Friday 15th December 2017,
Televisual

Crowdfunding Campaigns to Watch: ‘Jabari Presents’ Season Two

Aymar Jean Christian June 21, 2012 Spotlight Comments Off on Crowdfunding Campaigns to Watch: ‘Jabari Presents’ Season Two
Crowdfunding Campaigns to Watch: ‘Jabari Presents’ Season Two

Fans of hip hop might be familiar with talk show host Jabari Johnson, whose show Jabari Presents documents the creative lives of rising and established artists in the genre. Johnson might be better known as the host of BET.com’s Face to Face, where he interviewed such celebrities as Justin Bieber and Nicki Minaj.

After pitching the season season of Jabari Presents to networks and not getting any bites, Johnson decided to go the route so many filmmakers are going these days: crowdfunding!

The next season of Jabari Presents promises a greater diversity of interviewees, moving beyond music to moguls and rising stars across fields and industries.

“I don’t think that musicians are the only people kids should look to for inspiration,” Johnson told me in an interview. “When young people talk about being very successful many times they reference artists and I’d like that discussion to change.”

Below Johnson talks about his plans for the next season, including what he looks for in an interview and even teasing us with what kinds of artists he’s looking to profile (see video at the bottom)!

To contribute to his campaign, visit his Kickstarter page. For more information on Johnson, visit his website.

What qualities do you look for in potential interviewees? And/or in your experience interviewing celebrities, what qualities do successful creative people share?

I want people to be inspiring and have stories of doing something unconventional to reach their goals. When I see that level of drive and the type of audience they’ve developed, I usually reach out to them. The common thread between my interview subjects is work ethic. It takes a lot of hard work to be the best and usually success takes a long time to achieve. Those that work at it constantly and continue to work even when they have “made it” all share the same characteristics usually.

What made you produce your own show independently?

I pitched and was turned down by a number of networks, so I thought I should make something that competes with the quality of what is on TV. I really wanted to just make stuff that I thought was interesting in a way that wasn’t being done on TV.

jabari johnsonWhy did you choose to expand the focus of the show in season two beyond music?

I don’t think that musicians are the only people kids should look to for inspiration. When young people talk about being very successful many times they reference artists and I’d like that discussion to change. There are so many options in life and I think because music is more overcrowded than ever that’s why people think that they can do it too, but there are so many other career options that I’d like people to begin to aspire toward.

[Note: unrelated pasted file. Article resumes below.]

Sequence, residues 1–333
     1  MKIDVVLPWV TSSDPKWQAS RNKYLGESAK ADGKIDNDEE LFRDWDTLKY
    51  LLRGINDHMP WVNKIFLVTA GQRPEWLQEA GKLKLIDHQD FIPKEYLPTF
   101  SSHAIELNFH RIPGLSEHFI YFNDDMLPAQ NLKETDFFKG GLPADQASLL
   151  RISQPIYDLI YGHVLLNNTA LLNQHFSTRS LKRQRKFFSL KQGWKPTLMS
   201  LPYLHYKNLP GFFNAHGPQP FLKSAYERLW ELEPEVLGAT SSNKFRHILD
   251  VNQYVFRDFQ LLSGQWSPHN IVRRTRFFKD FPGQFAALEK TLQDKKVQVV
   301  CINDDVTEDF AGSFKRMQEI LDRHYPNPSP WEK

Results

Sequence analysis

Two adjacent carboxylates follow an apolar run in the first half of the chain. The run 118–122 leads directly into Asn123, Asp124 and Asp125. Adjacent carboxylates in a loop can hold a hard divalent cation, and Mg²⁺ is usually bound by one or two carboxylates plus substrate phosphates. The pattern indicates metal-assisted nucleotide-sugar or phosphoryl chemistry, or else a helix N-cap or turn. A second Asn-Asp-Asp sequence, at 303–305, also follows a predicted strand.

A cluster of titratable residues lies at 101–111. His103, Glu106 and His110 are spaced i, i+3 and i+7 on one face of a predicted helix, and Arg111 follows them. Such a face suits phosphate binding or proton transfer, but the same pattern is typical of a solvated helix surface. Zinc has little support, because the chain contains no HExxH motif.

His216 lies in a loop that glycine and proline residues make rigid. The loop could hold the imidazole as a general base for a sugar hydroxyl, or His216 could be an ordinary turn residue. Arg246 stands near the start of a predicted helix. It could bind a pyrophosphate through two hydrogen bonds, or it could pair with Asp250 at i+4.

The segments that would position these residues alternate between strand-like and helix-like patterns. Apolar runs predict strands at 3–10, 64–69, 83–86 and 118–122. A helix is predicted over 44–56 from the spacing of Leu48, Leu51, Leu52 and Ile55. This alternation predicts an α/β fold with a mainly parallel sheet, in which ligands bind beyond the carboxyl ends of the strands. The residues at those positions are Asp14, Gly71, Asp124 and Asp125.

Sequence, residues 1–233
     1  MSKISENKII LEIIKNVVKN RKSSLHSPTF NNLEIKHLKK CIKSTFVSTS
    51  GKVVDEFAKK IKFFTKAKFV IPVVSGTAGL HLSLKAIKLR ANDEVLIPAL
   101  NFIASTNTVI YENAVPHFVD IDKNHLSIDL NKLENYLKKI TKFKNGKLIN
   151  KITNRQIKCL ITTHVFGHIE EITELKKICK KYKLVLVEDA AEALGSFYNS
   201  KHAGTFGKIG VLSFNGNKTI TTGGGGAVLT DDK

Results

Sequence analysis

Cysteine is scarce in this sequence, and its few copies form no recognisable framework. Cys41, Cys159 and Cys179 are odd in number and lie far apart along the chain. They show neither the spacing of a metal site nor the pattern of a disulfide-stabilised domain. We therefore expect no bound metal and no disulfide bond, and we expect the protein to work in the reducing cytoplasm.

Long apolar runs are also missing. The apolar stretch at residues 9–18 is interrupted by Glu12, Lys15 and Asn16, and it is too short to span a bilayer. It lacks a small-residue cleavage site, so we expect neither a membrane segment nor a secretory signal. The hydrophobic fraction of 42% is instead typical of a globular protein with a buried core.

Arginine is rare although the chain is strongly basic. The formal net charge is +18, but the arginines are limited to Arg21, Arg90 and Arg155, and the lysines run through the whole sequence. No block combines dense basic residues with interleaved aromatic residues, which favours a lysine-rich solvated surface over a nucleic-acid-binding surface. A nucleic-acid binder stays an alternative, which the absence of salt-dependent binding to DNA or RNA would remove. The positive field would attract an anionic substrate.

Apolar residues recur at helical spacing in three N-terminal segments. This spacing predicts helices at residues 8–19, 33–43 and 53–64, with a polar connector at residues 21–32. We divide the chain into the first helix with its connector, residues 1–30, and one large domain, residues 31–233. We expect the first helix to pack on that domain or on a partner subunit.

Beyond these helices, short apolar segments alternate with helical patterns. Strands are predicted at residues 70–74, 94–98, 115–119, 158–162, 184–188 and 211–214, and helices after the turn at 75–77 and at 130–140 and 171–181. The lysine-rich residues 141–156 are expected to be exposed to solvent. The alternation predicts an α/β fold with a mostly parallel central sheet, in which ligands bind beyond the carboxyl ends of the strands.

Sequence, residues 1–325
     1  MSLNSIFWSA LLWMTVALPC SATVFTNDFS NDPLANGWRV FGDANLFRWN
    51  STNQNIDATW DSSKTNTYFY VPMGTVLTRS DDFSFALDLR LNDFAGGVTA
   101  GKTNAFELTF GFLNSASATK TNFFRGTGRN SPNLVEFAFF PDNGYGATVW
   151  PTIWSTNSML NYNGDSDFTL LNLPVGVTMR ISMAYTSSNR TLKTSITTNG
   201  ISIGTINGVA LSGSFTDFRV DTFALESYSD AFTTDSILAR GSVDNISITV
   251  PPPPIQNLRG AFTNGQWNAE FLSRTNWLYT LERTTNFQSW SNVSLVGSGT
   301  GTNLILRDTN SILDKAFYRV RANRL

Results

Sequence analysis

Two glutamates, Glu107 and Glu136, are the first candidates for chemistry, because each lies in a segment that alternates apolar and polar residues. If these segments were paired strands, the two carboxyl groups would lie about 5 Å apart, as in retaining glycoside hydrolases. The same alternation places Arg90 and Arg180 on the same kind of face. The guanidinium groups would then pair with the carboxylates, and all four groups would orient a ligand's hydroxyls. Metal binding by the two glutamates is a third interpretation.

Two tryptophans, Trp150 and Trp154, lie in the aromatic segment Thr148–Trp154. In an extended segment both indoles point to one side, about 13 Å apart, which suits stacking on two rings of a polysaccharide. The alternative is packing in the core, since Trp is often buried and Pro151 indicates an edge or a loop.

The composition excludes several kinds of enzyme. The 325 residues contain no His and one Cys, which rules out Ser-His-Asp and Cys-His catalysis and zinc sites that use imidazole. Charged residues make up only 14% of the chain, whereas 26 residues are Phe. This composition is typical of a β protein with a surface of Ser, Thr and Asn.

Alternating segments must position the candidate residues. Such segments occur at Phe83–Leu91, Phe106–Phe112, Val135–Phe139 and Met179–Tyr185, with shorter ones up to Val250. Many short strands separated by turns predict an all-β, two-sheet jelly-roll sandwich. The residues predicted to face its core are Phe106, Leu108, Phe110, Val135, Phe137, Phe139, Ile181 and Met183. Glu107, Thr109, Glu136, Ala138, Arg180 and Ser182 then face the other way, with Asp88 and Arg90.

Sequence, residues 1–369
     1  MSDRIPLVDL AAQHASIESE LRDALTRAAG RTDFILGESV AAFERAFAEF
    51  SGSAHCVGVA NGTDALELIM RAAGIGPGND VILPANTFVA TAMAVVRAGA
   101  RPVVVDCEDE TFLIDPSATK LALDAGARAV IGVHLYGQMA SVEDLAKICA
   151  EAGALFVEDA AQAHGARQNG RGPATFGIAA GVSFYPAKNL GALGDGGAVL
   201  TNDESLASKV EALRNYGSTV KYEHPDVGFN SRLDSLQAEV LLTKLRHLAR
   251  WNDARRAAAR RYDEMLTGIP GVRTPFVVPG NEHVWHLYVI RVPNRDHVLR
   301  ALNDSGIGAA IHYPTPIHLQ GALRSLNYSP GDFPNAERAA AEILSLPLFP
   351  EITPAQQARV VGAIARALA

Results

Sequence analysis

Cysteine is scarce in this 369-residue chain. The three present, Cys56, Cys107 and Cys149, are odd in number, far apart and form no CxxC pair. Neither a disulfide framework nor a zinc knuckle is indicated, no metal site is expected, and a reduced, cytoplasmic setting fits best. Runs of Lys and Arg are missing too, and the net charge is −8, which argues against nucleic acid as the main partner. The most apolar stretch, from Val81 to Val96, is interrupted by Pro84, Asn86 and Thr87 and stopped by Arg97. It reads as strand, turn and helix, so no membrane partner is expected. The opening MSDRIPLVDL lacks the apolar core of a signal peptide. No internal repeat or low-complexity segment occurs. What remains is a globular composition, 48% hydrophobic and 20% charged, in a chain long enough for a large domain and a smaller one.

What distinguishes your show from other documentary programs (black or otherwise)?

When people think documentary they equate that with boring, voice overs, a lot of pictures, etc. JabariPresents is very exciting and cinematic. We are trying to push the envelope not just in the storytelling but in the content of the film. Season 2 will be very cinematic and a lot of my artistic touch will be showcased throughout. My cinematographers are really extraordinary guys so the visual aspect of the show will be amazing.

Do you have ideas on who you will interview? Can you tease us with a few?

I can let you guys know one of the pieces will be on a teenage hip-hop group from Philly called OCD: Moosh and Twist. I’m not going to say anything else but you can check them out on YouTube and see what they are bringing to the table.

What other projects do you have in the pipeline, if any?

I just finished my first feature film which is a documentary on Tinie Tempah (the UK’s biggest hip-hop artist) and that will be out at the end of the summer in the UK. I’m very excited to have my first film released, especially in another country so I’m looking forward hearing the feedback from that.

Share This Article

About The Author

Aymar Jean Christian is assistant professor of communication at Northwestern University. He writes about media and society for a number of publications. For more information, click the "About" tab at the top of the page.

Comments are closed.